Years ago Joseph Aldrich wrote about how it is the beauty of the Gospel and not just the Gospel’s words that has the real power to transform people. He wrote –

…The “music” of the gospel is the beauty of the indwelling Christ as lived out in the everyday relationships of our lives. We must become recipients of God’s blessing, begin to incarnate His beauty in our relationships, and open these relationships to the non-Christian… Once this “music” has been heard, then expect to be asked for the “reasons for the hope (beauty) that you have.”  Play the beautiful music, and they’ll listen to the words of the song. (Life-Style Evangelism 21)

motherMother Teresa was famous for telling her little brothers and sisters of charity all around the world to try to “do something beautiful for God” each and every day. This prompted Philip Kosloski to write an essay for the “National Catholic Register” on the beauty of Mother Teresa’s life and work for the weekend last September when she was canonized a Saint in the Roman Catholic Church. He asked —

…Will beauty save the world? Yes it will, but it must be a Beauty united to Truth and Goodness, and a beauty that encompasses all aspects of life. The Gospel we preach to the Modern World will not be found effective if it does not recognize the importance of beauty, especially the beauty of Christian witness.

…By drawing closer to God, our lives reflect a particular beauty, which has the capacity to attract others to the beauty of God. In seeing the beauty of God in our lives, others see that being a Christian is not something oppressive or burdensome, but is actually liberating and beautiful.

“… the Christian life is called to become, in the force of Grace given by Christ resurrected, an event of susceptible beauty to arouse admiration and reflection and incite conversion. The meeting with Christ and His disciples… must always and everywhere have the potential to become an event of beauty, a moment of joy in the discovery of a new dimension of existence, an invitation to put oneself on the road to the Father of Heaven to enjoy the vision of the Complete Truth, the beauty of the Love of God: Beauty is the splendour of the truth and the flowering of Love.” (The Via Pulchritudinis, §III.3 – Pope Benedict XVI)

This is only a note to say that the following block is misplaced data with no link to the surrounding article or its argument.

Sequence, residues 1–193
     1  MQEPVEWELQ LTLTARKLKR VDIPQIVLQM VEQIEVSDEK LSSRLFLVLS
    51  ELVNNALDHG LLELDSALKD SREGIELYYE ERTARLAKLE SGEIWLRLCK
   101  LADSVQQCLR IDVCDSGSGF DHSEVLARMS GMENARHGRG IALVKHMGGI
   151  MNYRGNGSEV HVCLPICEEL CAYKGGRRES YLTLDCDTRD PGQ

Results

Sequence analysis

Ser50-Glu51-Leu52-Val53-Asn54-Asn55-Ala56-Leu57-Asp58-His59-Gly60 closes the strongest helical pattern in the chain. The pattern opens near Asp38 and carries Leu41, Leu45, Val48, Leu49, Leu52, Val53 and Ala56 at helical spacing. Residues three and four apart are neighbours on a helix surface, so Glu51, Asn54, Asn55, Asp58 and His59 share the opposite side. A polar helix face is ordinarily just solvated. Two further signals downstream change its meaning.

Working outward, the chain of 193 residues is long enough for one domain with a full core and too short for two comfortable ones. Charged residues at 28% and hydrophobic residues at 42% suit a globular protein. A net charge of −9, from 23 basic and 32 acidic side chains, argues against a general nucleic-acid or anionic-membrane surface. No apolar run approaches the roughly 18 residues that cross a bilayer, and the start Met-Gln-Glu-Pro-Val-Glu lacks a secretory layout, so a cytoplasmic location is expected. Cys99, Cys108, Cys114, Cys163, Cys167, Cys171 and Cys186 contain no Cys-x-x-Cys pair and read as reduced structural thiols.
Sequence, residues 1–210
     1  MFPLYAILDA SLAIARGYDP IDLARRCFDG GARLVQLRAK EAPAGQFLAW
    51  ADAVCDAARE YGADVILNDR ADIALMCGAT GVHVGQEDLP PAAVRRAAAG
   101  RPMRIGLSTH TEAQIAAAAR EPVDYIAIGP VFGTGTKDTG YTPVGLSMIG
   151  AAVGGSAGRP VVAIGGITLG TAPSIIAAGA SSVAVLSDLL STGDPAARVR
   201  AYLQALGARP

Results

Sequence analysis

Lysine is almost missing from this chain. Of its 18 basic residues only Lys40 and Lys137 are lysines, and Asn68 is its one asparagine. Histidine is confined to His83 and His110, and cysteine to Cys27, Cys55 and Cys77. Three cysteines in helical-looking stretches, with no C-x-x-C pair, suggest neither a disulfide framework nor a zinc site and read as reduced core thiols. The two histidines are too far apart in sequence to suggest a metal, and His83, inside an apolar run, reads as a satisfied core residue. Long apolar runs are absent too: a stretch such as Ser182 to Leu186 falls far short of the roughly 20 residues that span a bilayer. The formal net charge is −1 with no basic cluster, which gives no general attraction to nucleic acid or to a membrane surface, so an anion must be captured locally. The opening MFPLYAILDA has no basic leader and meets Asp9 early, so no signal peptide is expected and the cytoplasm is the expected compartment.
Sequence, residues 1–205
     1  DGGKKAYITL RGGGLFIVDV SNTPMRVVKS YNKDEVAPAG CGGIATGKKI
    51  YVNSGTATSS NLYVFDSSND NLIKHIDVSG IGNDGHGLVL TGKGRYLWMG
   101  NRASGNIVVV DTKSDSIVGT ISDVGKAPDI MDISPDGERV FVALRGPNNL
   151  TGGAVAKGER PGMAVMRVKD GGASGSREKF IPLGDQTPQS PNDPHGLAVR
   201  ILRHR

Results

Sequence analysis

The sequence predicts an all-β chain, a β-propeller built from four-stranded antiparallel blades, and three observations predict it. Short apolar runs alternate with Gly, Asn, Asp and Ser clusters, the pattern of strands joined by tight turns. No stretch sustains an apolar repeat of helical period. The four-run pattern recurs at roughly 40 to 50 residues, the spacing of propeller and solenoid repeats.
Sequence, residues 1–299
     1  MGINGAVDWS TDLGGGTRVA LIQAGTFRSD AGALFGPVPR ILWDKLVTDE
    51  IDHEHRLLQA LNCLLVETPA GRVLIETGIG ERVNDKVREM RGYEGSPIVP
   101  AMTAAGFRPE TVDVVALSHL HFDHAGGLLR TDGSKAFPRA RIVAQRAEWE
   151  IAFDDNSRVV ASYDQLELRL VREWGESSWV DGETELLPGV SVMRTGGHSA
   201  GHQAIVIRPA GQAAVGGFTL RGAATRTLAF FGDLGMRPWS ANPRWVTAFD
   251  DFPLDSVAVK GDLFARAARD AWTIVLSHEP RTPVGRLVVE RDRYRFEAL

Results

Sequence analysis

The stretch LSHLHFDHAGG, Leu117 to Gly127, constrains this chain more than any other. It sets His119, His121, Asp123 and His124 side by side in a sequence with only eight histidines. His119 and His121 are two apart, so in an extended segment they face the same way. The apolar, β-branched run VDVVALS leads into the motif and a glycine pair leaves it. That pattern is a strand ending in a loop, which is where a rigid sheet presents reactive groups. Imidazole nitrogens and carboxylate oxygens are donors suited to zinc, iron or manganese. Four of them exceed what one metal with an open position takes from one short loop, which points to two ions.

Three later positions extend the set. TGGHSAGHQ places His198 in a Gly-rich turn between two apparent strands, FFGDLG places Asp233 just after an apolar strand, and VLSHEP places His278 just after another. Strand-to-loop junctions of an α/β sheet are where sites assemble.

You see, we don’t just believe in the resurrection of Jesus Christ as Christians, we live it. The Gospel’s exchange of ashes for beauty that Christ’s resurrection 2,000 years ago embodied now plays out in our lives as the ashes of the rebellion of our sin and the brokenness of our lives getting exchanged for the beauty of our transformation and personal renewal.

If anyone is in Christ, he is a new creation; the old has passed away, behold, the new has come. And all this is from God, who through Christ reconciled us to Himself…” (2 Corinthians 5:17-18)

Because Christ is Risen and we are walking in newness of life through our share in it by faith (Romans 6:1-1-11), this Eastertide let’s go do something beautiful for God, or better yet, let’s become someone beautiful for God. Because of Easter, our ashes have a beauty appointment.  DBS +